PsychologiCALL

On number line estimation and learning disability, with Dr Vic Simms

April 28, 2020 SalvesenResearch Season 1 Episode 1
PsychologiCALL
On number line estimation and learning disability, with Dr Vic Simms
Show Notes Transcript

Dr Vic Simms is a developmental psychologist at Ulster University who specialises in cognitive development, specifically mathematical thinking. During this podcast she chats to Dr Sue Fletcher-Watson from the Salvesen Mindroom Research Centre at the University of Edinburgh about a piece of work looking at mathematics skills in individuals with Williams Syndrome and Down Syndrome.

You can follow Vic on twitter here.

This is the paper discussed in this episode:
Simms, V., Karmiloff-Smith, A., Ranzato, E., & Van Herwegen, J. (2020). Understanding Number Line Estimation in Williams Syndrome and Down Syndrome. Journal of Autism and Developmental Disorders, 50(2), 583-591.

Sue:

[Podcast jingle] [ringtone] Hello? Oh, it is recording. I see the little figure. Okay, great. I will do my little spiel and then I'll introduce you. Nice. Okay. Here I go. So! Hi, I'm Sue and I'm from the Salvesen Mindroom Research Centre at the University of Edinburgh. We wanted to do something for all the practitioners, and parents, and students, who are stuck at home, but who still want to be developing their knowledge, even during the lockdown. With lots of folks homeschooling and our usual family routines disrupted, it feels like Developmental Psychology is a good topic right now, and I'm a developmental psychologist. So what we're doing is short phone calls with psychologists who study learning and development in children and young people. And this is the first one. So today's PsychologiCALL is with Vic Simms from Ulster University, and she's going to talk to me about a paper with the title "Understanding number line estimation in Williams syndrome and Down syndrome". Hello Vic! How are you?

Vic:

Hello! Uh, I'm great, yes, thank you! Yes, um, greetings from a very strangely sunny , uh , Ulster!

Sue:

Oh, lovely. Yeah, we've got sunny weather in Edinburgh too. So that's good. Um, so tell me, what was it that you discovered when you were doing this bit of research that we're talking about today?

Vic:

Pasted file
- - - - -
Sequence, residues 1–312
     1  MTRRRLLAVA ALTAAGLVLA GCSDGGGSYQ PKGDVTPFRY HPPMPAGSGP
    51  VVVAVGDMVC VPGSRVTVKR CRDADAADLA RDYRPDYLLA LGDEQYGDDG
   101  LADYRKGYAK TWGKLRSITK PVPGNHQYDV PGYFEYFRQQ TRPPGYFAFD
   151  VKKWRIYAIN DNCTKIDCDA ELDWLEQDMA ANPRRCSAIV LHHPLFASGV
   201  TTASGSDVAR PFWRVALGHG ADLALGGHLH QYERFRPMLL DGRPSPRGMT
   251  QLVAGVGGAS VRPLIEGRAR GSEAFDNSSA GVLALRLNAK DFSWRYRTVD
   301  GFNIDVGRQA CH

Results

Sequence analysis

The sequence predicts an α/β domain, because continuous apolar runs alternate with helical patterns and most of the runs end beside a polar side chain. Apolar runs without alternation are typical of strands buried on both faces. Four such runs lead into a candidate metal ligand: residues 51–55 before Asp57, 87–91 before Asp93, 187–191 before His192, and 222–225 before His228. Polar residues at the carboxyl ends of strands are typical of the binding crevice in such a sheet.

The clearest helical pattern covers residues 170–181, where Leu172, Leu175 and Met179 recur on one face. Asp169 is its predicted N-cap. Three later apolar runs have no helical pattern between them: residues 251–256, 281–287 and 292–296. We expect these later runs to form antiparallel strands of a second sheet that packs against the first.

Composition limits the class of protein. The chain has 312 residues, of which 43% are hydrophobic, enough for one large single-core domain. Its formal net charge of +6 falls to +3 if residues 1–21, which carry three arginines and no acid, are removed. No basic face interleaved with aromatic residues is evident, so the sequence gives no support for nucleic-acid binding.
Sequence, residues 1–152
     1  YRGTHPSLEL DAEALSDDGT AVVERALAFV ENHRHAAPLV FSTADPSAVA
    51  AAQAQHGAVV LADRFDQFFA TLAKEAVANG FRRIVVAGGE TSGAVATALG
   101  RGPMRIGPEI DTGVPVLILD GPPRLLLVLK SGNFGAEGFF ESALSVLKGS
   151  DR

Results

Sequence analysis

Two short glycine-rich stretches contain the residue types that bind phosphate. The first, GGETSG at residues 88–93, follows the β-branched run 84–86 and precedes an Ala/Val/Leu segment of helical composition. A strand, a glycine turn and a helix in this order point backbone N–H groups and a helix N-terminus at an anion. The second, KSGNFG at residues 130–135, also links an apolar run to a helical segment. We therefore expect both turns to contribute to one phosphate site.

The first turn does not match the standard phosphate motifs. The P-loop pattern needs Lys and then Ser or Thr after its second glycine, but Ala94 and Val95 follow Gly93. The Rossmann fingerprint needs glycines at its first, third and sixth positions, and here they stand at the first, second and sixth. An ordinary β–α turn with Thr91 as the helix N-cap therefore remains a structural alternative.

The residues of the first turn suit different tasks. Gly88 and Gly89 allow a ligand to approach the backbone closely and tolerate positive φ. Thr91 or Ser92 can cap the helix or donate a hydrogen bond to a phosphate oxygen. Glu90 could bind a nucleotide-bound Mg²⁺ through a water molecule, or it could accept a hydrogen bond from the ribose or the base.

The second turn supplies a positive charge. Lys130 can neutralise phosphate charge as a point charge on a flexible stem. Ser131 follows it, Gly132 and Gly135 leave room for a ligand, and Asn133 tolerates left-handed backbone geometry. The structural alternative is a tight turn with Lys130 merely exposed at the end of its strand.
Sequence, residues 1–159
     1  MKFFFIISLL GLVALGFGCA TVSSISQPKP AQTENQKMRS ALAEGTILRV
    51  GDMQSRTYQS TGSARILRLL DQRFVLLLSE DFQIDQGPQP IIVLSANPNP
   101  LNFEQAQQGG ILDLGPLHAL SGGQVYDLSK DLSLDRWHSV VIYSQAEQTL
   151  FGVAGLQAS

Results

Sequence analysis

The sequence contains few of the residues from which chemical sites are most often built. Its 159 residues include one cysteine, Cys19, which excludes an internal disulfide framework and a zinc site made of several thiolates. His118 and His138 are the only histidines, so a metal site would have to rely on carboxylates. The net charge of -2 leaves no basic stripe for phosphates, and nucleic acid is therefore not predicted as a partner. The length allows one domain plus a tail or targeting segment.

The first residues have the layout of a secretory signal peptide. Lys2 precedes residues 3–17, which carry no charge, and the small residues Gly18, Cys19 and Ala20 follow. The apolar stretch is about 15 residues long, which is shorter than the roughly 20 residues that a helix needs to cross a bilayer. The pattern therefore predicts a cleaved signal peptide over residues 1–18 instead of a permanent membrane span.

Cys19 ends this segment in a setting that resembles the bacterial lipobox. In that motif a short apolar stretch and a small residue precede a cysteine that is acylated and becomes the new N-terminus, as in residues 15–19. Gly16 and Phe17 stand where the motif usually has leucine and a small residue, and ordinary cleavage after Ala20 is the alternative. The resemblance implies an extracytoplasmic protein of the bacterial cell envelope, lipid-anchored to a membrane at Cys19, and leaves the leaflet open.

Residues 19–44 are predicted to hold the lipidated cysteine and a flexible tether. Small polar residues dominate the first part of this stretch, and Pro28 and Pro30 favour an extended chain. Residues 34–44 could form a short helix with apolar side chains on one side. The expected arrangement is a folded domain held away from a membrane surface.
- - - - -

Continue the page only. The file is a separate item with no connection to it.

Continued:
So I suppose I have been obsessed with , um, mathematical development for quite a long time. And my first post-doctoral position in 2008 , looked at a task called the number line estimation task. Um , it's a really simple task to think about. So just imagine right now Sue, I'm asking you to think about the numbers from zero to a hundred, and you're probably thinking that they go from left to right, and , and with the big numbers on the right hand side and the little numbers on the left-hand side. And what's been really interesting about loads of research that we've done as a group, and also other people across the world is that kids' performance on being able to position numbers on that number line, so estimate where numbers go on that number line seems to be related to their mathematical ability. And one of the things that people thought about was this is like a k-, kind of like a direct lens into how people represented number in their mind. So using this task was like an instant snapshot of how people stored number in their brain. And we kind of thought that it couldn't be that simple because when we're asking people to estimate the position on a number line, they're having to make a physical mark on a , on a number line, they're having to do proportion-, proportional thinking, all of these types of things. So we were really fascinated by some of the research that was coming out suggesting that , um , the relationship between number line estimation and mathematical ability might be mediated, or it might be confounded by some other skills, such as visuospatial processing. And that's where, um a little grant opportunity came my way with, um, Jo Van Herwegen, and the late great Annette Karmiloff-Smith. Um, because we knew that individuals with Williams syndrome are... typically have quite poor visual spatial processing skills. And we thought we could ask quite a theoretically grounded question about , um , their performance on a number line estimation task. So that was kind of the motivation for doing this study, to understand "are there very kind of general cognitive skills that might impact people's performance to do number line estimation , and is that related to mathematical abilities?" Um, and then at the same time, we were able to look at a group of individuals with Down syndrome, and we know that individuals with down syndrome have um , uh, good-, relatively good visuospatial skills, but might have a little bit more problems with kind of fluency, verbal fluency. So it was a really interesting comparison study to do for a theoretical psychologist, a developmental psychologist who's really interested in theory, but also in a practical sense as well.